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    25 Feb '14 12:591 edit
    Originally posted by ThinkOfOne
    "In the teachings of Christ, religion is completely present tense: Jesus is the prototype and our task is to imitate him, become a disciple. But then through Paul came a basic alteration. Paul draws attention away from imitating Christ and fixes attention on the death of Christ The Atoner. [b]What Martin Luther in his reformation, failed to realize ...[text shortened]... rkegaard, The Journals


    Why is the above so obvious to some Christians and not others?
    C'mon ToO, I read your post very carefully this time. Smile.

    Nonsense. Utter sophisticated sounding nonsense.
    Paul as a pioneer into the depths of the experience of Jesus Christ pointed to Christ's all-inclusive ministry. His living, His death, His resurrection, His ascension were all emphasized.

    I think Soren Kierkegarrd here is probably telling us more about the wanderings of his own soul than providing insight into the New Testament.

    What respect I had for Kierkegaard is now pretty much adjusted to the more realistic. He had no idea what he was talking about in this instance.

    In my early spiritual life I tried to read some Kierkegaard because I had access to an extensive sophisticated library. I received nothing. And this revisit probably confirms my earlier experience.

    Thanks for this quotation.
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    25 Feb '14 13:05
    Originally posted by Duchess64
    As I recall, Leo Tolstoy believed that Paul distorted Jesus's teachings.
    Jesuism is a movement that disagrees with Pauline Christianity.

    http://en.wikipedia.org/wiki/Jesuism

    How much can be known of the historical Jesus?

    http://en.wikipedia.org/wiki/Christ_myth_theory
    As I recall, Leo Tolstoy believed that Paul distorted Jesus's teachings.
    Jesuism is a movement that disagrees with Pauline Christianity.


    Every so often the Forum comes around to this theme. This is rehash, revisiting a oft repeated concept -

    "Jesus we like but Paul messed it all up."

    So it comes around again. "Let's see if we can take 13 books of the New Testament written by the apostle Paul and amputate them away from the New Testament and claim that we just champion the red letters in Matthew, Mark and Luke."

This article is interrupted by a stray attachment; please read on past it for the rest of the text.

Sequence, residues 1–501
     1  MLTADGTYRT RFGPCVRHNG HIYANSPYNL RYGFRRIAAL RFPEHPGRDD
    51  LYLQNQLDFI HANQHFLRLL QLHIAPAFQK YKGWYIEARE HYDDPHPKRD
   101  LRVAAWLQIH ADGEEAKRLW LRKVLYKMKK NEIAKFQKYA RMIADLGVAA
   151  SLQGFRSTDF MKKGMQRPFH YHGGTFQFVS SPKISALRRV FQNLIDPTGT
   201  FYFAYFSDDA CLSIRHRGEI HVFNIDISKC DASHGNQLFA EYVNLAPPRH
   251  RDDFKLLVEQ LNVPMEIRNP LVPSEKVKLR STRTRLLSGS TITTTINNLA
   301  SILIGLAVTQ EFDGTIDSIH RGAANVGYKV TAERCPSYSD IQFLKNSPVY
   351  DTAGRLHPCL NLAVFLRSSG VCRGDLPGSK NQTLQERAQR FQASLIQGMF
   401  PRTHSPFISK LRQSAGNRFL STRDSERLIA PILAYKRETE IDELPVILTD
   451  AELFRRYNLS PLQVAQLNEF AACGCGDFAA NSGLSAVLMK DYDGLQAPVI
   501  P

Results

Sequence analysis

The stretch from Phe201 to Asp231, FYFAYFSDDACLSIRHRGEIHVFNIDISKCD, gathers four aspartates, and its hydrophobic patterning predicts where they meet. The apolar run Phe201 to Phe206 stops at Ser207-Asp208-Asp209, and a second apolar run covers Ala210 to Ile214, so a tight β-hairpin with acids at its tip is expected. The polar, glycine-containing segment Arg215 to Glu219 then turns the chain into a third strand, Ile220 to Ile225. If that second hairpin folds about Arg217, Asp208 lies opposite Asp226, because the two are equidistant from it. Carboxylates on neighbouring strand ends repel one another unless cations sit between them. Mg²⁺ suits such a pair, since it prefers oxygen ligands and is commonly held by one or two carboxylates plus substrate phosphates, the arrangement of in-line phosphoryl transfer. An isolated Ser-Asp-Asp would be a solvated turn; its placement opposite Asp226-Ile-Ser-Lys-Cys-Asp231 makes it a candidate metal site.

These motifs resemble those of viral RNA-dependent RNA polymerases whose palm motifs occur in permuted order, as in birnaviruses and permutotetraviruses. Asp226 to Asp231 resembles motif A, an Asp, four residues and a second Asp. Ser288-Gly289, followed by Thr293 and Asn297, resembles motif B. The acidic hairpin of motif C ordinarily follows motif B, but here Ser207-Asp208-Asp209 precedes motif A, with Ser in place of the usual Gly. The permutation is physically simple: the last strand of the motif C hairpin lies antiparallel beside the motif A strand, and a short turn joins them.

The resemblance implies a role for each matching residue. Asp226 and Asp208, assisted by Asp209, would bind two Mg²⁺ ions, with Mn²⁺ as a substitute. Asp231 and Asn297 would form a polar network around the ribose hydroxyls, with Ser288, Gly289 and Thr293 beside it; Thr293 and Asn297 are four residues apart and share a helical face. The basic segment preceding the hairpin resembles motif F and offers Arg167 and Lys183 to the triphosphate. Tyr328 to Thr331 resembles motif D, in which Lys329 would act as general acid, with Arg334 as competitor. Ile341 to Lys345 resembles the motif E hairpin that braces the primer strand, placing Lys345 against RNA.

Oh, usually the Gospel of John has to go too.
  9. Standard memberRJHinds
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    25 Feb '14 13:12
    Originally posted by sonship
    As I recall, Leo Tolstoy believed that Paul distorted Jesus's teachings.
    Jesuism is a movement that disagrees with Pauline Christianity.


    Every so often the Forum comes around to this theme. This is rehash, revisiting a oft repeated concept -

    "Jesus we like but Paul messed it all up."

    So it comes around again. "Let's see if we c ...[text shortened]... n the red letters in Matthew, Mark and Luke."

    Oh, usually the Gospel of John has to go too.
    Was John to beloved by Jesus for them?
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    25 Feb '14 13:213 edits
    Originally posted by RJHinds
    Was John to beloved by Jesus for them?
    The skeptical say that John has to GO! Because John has his emphasis that Jesus is God.

    Now, I do have some things to read about Kierkegaard so as to better informed.

    I take no pleasure in denouncing a theologian who is at least very well known. I wish sometimes they truly deserved to be respected according to the truth of God's revelation.

    Anyway stand by or read something on Soren, because probably Soren is about to be defended strongly for his view above.
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    25 Feb '14 13:35
    Originally posted by ThinkOfOne
    "In the teachings of Christ, religion is completely present tense: Jesus is the prototype and our task is to imitate him, become a disciple. But then through Paul came a basic alteration. Paul draws attention away from imitating Christ and fixes attention on the death of Christ The Atoner. [b]What Martin Luther in his reformation, failed to realize ...[text shortened]... rkegaard, The Journals


    Why is the above so obvious to some Christians and not others?